(page 186):--

Still have the will without the power to execute,
As unfear'd Eunuchs meditate a rape.

This simile, which one reviewer fell upon with some violence, was
not reprinted.

Mr. Thomas Hutchinson, writing in The Athenceum, December 28, 1901,
remarks: "The truth is that in Lamb's imitations of the elder writers
'anachronistic improprieties' (as Thomas Warton would say) are
exceedingly rare. In _John Woodvil_ it would not, I think, be easy to
discover more than two: _caprice_, which, in the sense of 'a capricious
disposition,' seems to belong to the eighteenth century, and _anecdotes_
(i.e., 'secret Court history'), which, in its English form at least,
probably does not occur much before 1686."

This note is already too long, or I should like to say something of the
reception of _John Woodvil_, which was not cordial. The _Annual Review_
was particularly severe, and the _Edinburgh_ caustic.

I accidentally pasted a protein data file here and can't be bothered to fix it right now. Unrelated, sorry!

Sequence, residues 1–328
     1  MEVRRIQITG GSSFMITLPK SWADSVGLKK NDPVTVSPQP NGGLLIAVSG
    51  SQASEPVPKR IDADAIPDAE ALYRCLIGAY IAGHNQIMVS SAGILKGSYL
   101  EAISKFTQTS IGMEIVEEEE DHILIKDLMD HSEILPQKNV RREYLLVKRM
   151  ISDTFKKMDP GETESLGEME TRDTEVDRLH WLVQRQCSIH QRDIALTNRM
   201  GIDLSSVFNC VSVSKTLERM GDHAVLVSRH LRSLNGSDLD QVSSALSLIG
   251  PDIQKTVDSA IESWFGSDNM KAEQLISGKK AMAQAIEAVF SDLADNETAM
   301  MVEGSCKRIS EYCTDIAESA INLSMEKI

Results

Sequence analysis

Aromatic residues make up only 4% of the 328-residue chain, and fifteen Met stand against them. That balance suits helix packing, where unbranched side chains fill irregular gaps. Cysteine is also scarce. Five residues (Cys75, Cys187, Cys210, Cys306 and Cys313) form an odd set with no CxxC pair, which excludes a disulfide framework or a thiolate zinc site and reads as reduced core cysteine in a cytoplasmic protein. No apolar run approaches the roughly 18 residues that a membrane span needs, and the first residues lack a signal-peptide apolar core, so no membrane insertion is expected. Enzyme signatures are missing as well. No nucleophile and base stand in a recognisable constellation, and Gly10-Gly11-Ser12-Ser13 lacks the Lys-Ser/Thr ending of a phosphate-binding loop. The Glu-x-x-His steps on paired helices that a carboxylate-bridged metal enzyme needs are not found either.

* * * * *

Page 109. "THE WITCH."

In the _Works_, 1818, this dramatic sketch followed _John Woodvil_.

Lamb sent "The Witch" to Robert Lloyd in November, 1798 (see _Charles
Lamb and the Lloyds_, page 91), in a version differing widely from that
of the _Works_ here given. The speakers are Sir Walter Woodvil's steward
and Margaret. The principal variation is this, after the curse:--

_Margaret_. A terrible curse!

_Old Steward_. O Lady! such bad things are said of that old woman,
You would be loth to hear them!
Namely, that the milk she gave was sour,
And the babe, who suck'd her, shrivell'd like a mandrake,
And things besides, with a bigger horror in them,
Almost, I think, unlawful to be told!

In the penultimate line "The mystery of God" was "Creation's beauteous

* * * * *

Page 202. "MR. H----."

Lamb composed this farce in the winter 1805-1806. Writing to Hazlitt on
February 19, 1806, he says: "Have taken a room at 3s. a week to be in
between 5 and 8 at night, to avoid my _nocturnal_ alias _knock-eternal_
visitors. The first-fruits of my retirement has been a farce which goes
to manager tomorrow." Mary Lamb, writing to Sarah Stoddart at about the
same time, says: "Charles is gone [to the lodging] to finish the farce,
and I am to hear it read this night. I am so uneasy between my hopes and
fears of how I shall like it, that I do not know what I am doing." The
next day or so, February 21, she says that she liked the farce "very
much, and cannot help having great hopes of its success"--stating that